Other treatments are being tested, including gene therapy, which involves using an inhaled spray to deliver normal copies of the cystic fibrosis gene to the lungs. Gene therapy is being tested in several medical centers nationwide, but has not been approved for general use. Also, medications are being tested to correct a defective protein, called the CFTR protein.
People with CF also need to have any chest infection treated quickly with antibiotics. The usual childhood vaccinations, such as measles, mumps and rubellaand diptheria, tetanus and whooping cough are important for people with CF, and they should also be vaccinated against flu and pneumococcus to help prevent chest infections.
There is a range of other possible treatments, according to each person's condition. These may include:
Daily oral or inhaled antibiotics to counter lung infection,
Inhaled anti-asthma therapy,
Medicines to relieve constipation or to improve the activity of the enzyme supplements,
Insulin for CF-related diabetes,Medication for CF-associated liver disease,
Oxygen to help with breathing,
Help to overcome fertility problems,
DNAse enzyme replacement therapy
Postural drainage and chest percussion.
Lung transplant may be considered in some cases.
Keep your child's immunizations up-to-date. Children who have cystic fibrosis should have all the recommended immunizations in addition to pneumococcal and flu shots.
Encourage your child to lead as normal and active a life as possible.
Exercise is extremely important for people of all ages who have cystic fibrosis. Regular exercise strengthens your heart and lungs.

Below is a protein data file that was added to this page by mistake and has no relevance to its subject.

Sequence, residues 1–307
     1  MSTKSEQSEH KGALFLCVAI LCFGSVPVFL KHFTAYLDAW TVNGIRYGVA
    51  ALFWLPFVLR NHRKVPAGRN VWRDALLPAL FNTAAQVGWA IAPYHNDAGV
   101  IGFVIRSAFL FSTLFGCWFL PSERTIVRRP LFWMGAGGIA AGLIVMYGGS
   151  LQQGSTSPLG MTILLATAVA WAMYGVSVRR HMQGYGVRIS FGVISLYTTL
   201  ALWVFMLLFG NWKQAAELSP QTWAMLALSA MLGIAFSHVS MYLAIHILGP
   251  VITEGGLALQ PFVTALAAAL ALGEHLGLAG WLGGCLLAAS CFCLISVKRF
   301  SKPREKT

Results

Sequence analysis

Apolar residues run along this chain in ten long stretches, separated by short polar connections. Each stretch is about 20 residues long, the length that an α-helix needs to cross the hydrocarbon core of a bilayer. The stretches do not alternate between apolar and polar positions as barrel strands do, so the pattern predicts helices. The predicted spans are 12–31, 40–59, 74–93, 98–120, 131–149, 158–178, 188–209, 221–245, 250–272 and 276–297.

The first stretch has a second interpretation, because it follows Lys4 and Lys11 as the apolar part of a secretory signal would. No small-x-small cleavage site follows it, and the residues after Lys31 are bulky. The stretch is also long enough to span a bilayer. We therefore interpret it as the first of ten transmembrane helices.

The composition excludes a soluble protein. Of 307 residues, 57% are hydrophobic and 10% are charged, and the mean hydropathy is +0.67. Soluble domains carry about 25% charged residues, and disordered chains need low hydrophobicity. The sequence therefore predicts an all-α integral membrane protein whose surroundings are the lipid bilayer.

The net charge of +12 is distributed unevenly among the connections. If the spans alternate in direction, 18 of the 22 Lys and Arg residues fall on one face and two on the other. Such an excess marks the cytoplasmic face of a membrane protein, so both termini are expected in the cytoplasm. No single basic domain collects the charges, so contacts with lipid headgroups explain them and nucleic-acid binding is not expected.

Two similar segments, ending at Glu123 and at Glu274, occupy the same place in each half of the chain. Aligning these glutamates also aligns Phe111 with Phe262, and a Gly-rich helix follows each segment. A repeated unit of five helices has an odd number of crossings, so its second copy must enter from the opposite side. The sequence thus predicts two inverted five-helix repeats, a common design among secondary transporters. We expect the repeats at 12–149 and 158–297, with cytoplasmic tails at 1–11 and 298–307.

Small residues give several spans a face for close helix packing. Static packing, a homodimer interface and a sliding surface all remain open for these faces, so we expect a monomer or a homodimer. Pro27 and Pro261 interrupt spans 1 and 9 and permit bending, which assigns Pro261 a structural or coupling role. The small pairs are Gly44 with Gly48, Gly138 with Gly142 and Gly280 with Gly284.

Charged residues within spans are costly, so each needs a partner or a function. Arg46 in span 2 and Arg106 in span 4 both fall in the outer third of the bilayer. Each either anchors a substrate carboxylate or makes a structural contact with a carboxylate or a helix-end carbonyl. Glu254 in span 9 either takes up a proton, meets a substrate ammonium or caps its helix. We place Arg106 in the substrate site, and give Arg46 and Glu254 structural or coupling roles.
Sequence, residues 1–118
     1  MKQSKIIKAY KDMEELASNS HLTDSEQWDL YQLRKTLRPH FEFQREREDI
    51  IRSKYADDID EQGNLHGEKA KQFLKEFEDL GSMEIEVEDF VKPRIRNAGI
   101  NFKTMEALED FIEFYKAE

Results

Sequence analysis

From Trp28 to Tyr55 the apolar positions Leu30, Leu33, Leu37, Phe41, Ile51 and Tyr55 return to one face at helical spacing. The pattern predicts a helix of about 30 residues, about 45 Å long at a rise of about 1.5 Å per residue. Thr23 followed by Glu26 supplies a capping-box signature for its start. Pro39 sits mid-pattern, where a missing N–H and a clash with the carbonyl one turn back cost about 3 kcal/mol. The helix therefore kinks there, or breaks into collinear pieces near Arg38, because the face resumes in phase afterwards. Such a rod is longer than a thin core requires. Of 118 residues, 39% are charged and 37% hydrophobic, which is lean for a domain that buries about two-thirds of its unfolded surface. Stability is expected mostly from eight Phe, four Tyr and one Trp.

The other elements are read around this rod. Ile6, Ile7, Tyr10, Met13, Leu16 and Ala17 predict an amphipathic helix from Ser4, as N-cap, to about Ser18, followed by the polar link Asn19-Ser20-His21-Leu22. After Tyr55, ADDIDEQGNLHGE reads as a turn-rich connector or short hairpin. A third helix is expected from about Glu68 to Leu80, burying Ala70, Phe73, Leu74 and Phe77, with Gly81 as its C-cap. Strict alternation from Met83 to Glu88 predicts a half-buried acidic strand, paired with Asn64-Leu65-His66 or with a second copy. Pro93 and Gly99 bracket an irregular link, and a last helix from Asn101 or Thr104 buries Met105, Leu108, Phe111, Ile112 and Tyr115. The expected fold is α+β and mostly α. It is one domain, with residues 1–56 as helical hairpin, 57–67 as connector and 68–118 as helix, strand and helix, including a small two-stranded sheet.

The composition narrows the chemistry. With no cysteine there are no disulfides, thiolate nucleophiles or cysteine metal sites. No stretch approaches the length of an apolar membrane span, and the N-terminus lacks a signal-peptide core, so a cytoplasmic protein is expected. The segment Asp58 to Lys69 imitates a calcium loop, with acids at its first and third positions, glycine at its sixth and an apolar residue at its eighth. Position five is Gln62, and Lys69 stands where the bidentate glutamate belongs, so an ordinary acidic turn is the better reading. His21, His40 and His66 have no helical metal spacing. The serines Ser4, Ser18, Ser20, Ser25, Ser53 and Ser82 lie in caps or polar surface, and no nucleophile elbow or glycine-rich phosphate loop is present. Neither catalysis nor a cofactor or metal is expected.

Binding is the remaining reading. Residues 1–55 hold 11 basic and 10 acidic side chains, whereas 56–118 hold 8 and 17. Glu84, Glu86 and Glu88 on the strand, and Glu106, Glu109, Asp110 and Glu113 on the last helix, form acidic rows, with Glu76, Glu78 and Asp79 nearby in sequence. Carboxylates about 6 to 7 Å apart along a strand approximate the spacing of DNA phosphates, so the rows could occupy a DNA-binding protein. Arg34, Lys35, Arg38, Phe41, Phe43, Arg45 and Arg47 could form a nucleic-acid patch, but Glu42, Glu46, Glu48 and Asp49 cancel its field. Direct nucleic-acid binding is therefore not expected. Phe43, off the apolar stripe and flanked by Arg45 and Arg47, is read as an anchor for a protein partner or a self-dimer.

Seek care from a cystic fibrosis specialty treatment center.
Take part in an organized sport or go to gym.
Encourage your child to eat a high-calorie foods.
Use nutrition supplements. Provide the fat-soluble vitamin supplements and pancreatic enzymes to your child.Use airway clearance techniques, such as postural drainage and chest percussion.
Encourage your child to drink plenty of liquids to help loosen the mucus, especially in the summer when children are active and tend to lose a lot of fluids.
Don't smoke avoid secondhand smoke. Don't allow other people to smoke around your child.
Teach everyone in your family to wash their hands thoroughly before eating, after using the bathroom and other regular activities.
Call The Doctor
It is important to diagnose and treat cystic fibrosis early. Call your doctor if your child:
Has frequent lung infections (pneumonia), colds, an ongoing cough, shortness of breath, or wheezing.
Coughs up mucus that contains blood.
Has salty-tasting skin or sweat.
Tires easily during activity.
Has rounded, flat fingertips
Diarrhea and frequent respiratory infections
Call your doctor if you notice following signs and symptoms in newborns:
Failure to grow
Chronic respiratory problems
Frequent bulky, greasy stools.